Sometimes, as parents, we have to insist that our kids' rights be protected. Fear and ignorance on the part of some people can cause a trampling of an individual's rights. In an effort to help you help your kids, we've listed organizations, agencies, and other avenues of assistance for you. Please contact us if you know of an appropriate addition to our list, or if you'd like help in protecting your child's rights.
Judith E. Heumann
Dr. Thomas Hehir
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Medical legal issues
FERPA: Requires all educators to safeguard a student's confidentiality, similar to doctors or social workers. They are exempted only in emergency situations.
ADA: The Americans with Disabilities Act mandates that when school officials (schools are considered a public accommodation under ADA) have questions about a disability and they need to ascertain if it poses a health risk, they are to consult with an objective medical authority.
The Americans with Disabilities Act (ADA) is instrumental in ensuring that schools (public and private), day care centers and other institutions that children interact with do not discriminate based on a child's health status.
The following is an excerpt from the ADA that illustrates what schools and other "public accommodations" must do to determine if a child's infectious disease poses a "direct threat" to other children or staff. The public accommodation can exclude an individual if he/she is found to pose a health threat. But there are specific steps that a public accommodation must follow to ensure no stereotyping, generalization or ignorance combine to unfairly punish and discriminate against an individual. The public accommodation must take reasonable steps to prevent any exclusion or discrimination.
Following the ADA Title III regulation excerpt is ADA's own analysis and elaboration of this section.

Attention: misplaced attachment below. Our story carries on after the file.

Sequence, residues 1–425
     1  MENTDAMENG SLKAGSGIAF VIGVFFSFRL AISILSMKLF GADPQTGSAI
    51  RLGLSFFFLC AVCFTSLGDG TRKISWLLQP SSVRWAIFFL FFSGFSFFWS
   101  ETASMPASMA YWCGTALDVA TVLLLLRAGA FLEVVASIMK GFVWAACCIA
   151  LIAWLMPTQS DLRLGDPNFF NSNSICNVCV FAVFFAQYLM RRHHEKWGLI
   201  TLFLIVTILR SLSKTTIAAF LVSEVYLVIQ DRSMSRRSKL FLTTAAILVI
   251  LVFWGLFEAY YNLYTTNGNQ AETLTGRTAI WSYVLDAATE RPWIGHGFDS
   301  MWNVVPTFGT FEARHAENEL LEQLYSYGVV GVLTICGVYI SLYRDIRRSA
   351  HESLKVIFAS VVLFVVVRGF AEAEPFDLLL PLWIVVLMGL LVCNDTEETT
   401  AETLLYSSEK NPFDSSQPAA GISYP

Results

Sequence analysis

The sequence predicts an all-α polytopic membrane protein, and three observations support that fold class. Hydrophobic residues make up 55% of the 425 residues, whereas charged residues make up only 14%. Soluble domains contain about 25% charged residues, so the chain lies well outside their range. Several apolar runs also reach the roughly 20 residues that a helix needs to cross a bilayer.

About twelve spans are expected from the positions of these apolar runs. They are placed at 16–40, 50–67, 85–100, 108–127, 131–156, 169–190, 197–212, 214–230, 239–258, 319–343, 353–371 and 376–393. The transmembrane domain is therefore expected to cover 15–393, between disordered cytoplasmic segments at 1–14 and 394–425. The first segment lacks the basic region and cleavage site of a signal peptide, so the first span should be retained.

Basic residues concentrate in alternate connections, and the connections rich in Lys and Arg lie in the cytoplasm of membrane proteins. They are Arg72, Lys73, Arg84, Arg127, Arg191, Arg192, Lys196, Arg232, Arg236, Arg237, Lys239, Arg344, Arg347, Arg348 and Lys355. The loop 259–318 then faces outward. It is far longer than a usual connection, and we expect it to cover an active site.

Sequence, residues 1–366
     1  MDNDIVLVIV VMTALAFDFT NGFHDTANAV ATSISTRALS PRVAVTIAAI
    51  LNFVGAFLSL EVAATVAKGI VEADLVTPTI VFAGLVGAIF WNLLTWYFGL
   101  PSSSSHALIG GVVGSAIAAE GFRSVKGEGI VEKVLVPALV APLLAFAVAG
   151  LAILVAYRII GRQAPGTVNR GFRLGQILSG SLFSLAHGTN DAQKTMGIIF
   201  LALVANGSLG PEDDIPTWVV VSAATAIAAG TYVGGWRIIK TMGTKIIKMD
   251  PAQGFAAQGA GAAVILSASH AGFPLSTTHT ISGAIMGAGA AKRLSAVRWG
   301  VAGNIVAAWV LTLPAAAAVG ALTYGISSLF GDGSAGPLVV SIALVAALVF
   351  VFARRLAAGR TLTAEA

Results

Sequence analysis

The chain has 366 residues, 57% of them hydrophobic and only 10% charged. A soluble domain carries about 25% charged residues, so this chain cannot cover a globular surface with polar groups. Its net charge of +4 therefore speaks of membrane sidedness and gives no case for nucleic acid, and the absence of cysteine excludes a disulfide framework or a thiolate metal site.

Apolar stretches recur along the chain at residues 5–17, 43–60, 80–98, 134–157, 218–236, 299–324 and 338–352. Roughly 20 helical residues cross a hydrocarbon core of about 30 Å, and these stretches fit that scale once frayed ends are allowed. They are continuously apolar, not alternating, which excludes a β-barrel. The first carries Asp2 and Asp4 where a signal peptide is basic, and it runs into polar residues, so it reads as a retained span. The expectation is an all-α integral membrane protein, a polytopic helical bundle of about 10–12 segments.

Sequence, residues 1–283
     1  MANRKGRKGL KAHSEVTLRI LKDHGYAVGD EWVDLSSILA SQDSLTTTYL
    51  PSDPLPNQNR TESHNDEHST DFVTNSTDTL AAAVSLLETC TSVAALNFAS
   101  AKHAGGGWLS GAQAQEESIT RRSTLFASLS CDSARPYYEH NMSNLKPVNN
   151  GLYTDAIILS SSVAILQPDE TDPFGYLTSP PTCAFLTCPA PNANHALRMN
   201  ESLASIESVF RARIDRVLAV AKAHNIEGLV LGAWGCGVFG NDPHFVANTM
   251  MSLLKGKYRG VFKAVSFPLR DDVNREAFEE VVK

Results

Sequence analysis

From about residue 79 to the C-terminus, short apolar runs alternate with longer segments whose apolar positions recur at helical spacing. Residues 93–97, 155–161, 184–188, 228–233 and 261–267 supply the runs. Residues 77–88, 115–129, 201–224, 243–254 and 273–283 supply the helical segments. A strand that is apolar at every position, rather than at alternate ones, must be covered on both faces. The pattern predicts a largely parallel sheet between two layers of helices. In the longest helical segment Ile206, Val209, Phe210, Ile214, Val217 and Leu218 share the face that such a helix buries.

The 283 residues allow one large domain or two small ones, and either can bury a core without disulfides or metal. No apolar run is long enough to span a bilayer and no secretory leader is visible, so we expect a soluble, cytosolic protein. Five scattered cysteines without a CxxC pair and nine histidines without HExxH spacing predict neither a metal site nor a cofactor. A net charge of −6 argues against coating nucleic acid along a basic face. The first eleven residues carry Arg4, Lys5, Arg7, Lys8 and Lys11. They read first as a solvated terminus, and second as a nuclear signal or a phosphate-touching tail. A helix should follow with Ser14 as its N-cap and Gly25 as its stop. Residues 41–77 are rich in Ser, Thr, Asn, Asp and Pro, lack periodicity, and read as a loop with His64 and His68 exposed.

36.208 Direct Threat
(b.) Direct threat means a significant risk to the health or safety of others that cannot be eliminate by a modification of policies, practices or procedures, or by the provision of auxiliary aids or services.
(c.) In determining whether an individual poses a direct threat to the health or safety of others, a public accommodation must make an individualized assessment, based on reasonable judgment that relies on current medical knowledge or on the best available objective evidence, to ascertain: the nature, duration and severity of the risk; the probability that the potential injury will actually occur; and whether reasonable modifications of policies, practices or procedures will mitigate the risk.
The determination that a person poses a direct threat to the health or safety of others may not be based on generalizations or stereotypes about the effects of a particular disability; it must be based on an individualized assessment that conforms to the requirements of paragraph (c) of this section.
Paragraph (c) establishes the test to use in determining whether an individual poses a direct threat to the health or safety of others. A public accommodation is required to make an individualized assessment, based on reasonable judgment that relies on current medical evidence or on the best available objective evidence to determine: the nature, duration and severity of the risk; the probability that the potential injury will actually occurs; and whether reasonable modifications of policies, practices or procedures will mitigate the risk.
This is the test established by the Supreme Court in (School Board of Nassau County v. Arline 480 U.S. 273 1987. Such an inquiry is essential if the law is to achieve its goal of protecting disabled individuals from discrimination based on prejudice, stereotypes or unfounded fear, while giving appropriate weight to legitimate concerns, such as the need to avoid exposing others to significant health and safety risks.